“An Evening with Silk Sonic” scratched the itch I’ve had for 60/70s Motown and 70/80s funk that fuses with modern pop music. Spanning 31 minutes across nine songs, this album demonstrates what happens when you combine the vocal range of Bruno Mars and the beats and rhythmic rapping of Anderson.Paak. You get an upbeat, rhythmic, retro album jam-packed with sounds that make your toes tap and head bop.
Instead of just being a series of songs that people can look forward to hearing live someday in concert, “An Evening with Silk Sonic” is itself an event. With Parliament-Funkadelic’s Boosty Collins hosting, Anderson.Paak and Bruno Mars create a concert experience in their intro with the lyrics inviting listeners to “get out your seats / And make some noise.”
And when you add the music videos to your listening experience, in songs like “Smokin out the Window,” they transport you to the 70s with choreography and sets bearing resemblance to The Temptations: Mars and Paak taking turns as lead David Ruffin, while the rest of band jives and performs synchronized dance moves.
Every component of the music: lyrics, drums, bass, and background singers are needed to make the songs land successfully. The rhythmic way the words are sung, and Paak’s added element of spoken word that breathes into the lyrics infuses them with the necessary movement to carry the song. So much of the lyrical content in songs like “After Last Night” involves off-the-cuff riffing vocalizations that don’t really mean anything but they clearly set the mood of the song.
“After Last Night” was my least favorite song on the album; it was a stark contrast to the rest of the album since I expected another upbeat bop after “Fly As Me,” but I thought the content of the song followed the story progression of the album. After the guy finds the girl “as fly” as him, they have their romantic night. In that way, I think the song fits but the actual lyrics weren’t my favorite. Musically it’s catchy but the lyrics, specifically in the pre-chorus, didn’t wow me.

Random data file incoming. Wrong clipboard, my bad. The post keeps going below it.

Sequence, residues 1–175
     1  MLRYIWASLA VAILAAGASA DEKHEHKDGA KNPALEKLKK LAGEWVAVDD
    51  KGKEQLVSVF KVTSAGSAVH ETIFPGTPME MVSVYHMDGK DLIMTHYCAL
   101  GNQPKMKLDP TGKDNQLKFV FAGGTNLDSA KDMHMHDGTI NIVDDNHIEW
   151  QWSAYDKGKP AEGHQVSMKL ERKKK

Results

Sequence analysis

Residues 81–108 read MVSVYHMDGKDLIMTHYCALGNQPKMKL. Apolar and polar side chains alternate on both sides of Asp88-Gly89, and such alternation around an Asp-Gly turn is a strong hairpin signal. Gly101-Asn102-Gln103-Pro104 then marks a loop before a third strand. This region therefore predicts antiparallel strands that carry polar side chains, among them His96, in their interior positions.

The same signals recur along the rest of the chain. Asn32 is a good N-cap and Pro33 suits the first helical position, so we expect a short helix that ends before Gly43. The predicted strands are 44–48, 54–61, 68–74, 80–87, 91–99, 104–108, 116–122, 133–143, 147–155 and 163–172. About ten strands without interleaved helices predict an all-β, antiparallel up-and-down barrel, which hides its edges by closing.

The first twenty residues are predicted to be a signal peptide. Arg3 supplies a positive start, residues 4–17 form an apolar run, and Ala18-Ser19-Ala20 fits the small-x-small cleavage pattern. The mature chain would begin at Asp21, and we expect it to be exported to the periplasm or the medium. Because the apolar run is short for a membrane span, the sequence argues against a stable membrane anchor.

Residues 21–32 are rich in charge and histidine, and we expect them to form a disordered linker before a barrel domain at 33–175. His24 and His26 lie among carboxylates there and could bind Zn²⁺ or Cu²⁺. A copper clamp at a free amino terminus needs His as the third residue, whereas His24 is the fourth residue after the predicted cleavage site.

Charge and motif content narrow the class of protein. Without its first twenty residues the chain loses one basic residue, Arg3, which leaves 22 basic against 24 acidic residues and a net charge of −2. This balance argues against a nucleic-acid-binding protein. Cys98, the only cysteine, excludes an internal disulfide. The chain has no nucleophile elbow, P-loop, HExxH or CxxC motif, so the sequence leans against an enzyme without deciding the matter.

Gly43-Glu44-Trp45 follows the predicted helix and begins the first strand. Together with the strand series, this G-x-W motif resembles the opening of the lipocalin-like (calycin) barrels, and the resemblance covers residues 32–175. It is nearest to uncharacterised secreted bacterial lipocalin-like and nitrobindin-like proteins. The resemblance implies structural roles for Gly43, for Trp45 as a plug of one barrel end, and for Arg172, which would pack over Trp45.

Additionally, if the album were any longer, I don’t think it would work. “An Evening with Silk Sonic” starts off seeming like it will follow the patterns of funk and Motown where every song in the album has a similar opening: a strong bass and drums combo or a brass solo. But the pop brought in by Bruno Mars’ style harkens back to the Jackson 5. Like the Jackson 5, Silk Sonic’s various band members’ talents both vocally and instrumentally are highlighted.
By incorporating pop, it allows for some element of mystique in how the music will begin: Funk? Pop? Motown? They leave you wondering whether the next song will start off with a strong bass progression often characteristic of Motown, a funky beat dropped on the drums, or a poppy electric guitar riff. This element of surprise can only take the album so far though, and part of the experience is that the “evening” must eventually end. Nine songs was a good stopping point.
“Fly As Me” really hit the sweet spot with a mix of the three genres of music. The beginning of the song started out with bass and drums and reminded me of Stevie Wonder’s song “Superstition.” “Leave the Door Open” and “Smokin’ out the Window” were melodically smooth and lyrically suave — a testament to the album’s silky title. But Silk Sonic surprised us with pop accentuation and Paak’s rhythmic rap in “777” and “Fly as Me.”
“Skate” and “Leave the Door Open” were dropped prior to the whole album and the latter reached number four on the US Billboard Hot 100 on the week of March 15, 2021. The popularity of not only these billboard climbing songs but the album itself is because the music plays to both Bruno Mars’ and Anderson Paak’s strengths which together appeals to both their fan bases. Mars shows off his insane vocal range with long sustained high notes while Paak’s prowess in rapping and drumming is not muffled or hidden behind the voices, but rather highlighted as an essential part of the album. “An Evening with Silk Sonic” delivered what was expected from these artists and their styles, but also found ways to surprise us with their fusion of genres and undertones of Motown and Funk legends.
Written By: Lainie Alfaro